GE's Water & Process Technologies Invests in Demonstrating Energy Neutral Wastewater Solutions in Conjunction with Ontario's University of Guelph

Posted: Thursday 16th February 2017

GE Invests $900K across Demonstration Projects to Enable Energy Neutral Wastewater Treatment and Produce Pathogen-Free Biosolids.

GE's Water & Process Technologies today announced it is collaborating with the University of Guelph (U of G) in Ontario, Canada, on a federal government-funded, research initiative to maximize renewable energy generation and simultaneously produce a pathogen-free biosolids fertilizer. Government, university officials and Water & Process Technologies executives gathered recently for the grand opening of the new pilot, located at the Southern Ontario Water Consortium (SOWC) wastewater demonstration facility adjacent to the city of Guelph wastewater treatment plant.

The pilot is the first large-scale project to receive funding under the SOWC's Advancing Water Technologies (AWT) program, which supports collaborative, industry-led technology development projects. SOWC is funded by the Federal Economic Development Agency for Southern Ontario. The AWT program is supplying nearly $600,000 to collaborators for this project. In addition, Water & Process Technologies is investing $900,000 in infrastructure and support.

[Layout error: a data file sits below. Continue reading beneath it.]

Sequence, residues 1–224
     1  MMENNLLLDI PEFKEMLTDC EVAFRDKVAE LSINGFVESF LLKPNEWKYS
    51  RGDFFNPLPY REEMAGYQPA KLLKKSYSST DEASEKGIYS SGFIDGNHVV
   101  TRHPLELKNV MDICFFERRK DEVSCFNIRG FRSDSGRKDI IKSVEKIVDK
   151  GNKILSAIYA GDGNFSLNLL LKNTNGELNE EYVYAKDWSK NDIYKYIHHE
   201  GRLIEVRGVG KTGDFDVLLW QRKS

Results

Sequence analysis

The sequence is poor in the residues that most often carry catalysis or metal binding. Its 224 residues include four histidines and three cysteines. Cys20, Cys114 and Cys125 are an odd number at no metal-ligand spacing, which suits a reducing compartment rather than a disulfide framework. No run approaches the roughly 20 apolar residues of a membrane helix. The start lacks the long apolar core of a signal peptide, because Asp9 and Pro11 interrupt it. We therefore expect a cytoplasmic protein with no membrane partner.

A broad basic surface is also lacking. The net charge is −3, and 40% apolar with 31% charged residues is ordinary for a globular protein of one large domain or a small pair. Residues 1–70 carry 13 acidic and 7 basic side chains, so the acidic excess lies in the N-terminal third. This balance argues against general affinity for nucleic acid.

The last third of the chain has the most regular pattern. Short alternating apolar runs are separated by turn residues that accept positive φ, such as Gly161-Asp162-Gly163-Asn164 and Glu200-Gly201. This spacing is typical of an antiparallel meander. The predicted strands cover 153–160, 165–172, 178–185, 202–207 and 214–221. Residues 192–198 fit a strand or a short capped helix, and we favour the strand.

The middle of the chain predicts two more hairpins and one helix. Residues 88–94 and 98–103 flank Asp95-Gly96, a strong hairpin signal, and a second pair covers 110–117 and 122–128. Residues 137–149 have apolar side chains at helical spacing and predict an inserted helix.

"This first large AWT project epitomizes what SOWC is all about," said SOWC Executive Director Brenda Lucas. "We are connecting the needs of industry with Ontario's academic expertise and enabling real-world testing in unique facilities to help bring innovative technologies to market."

Water & Process Technologies' aspirational goal is to shift wastewater treatment from a burden to an opportunity where valuable resources can be extracted - namely renewable energy, clean water and fertilizer. Enhancing anaerobic digestion through biological hydrolysis technology is one of the keys to realizing this goal. Biological hydrolysis technology maximizes the efficiency of existing anaerobic digestion infrastructure by increasing its throughput capacity by up to three times. This enables plant owners to not only treat more sludge, but potentially other organic materials, dramatically increasing biogas production that can be converted to renewable energy. At the same time, a valuable pathogen-free fertilizer product is produced.

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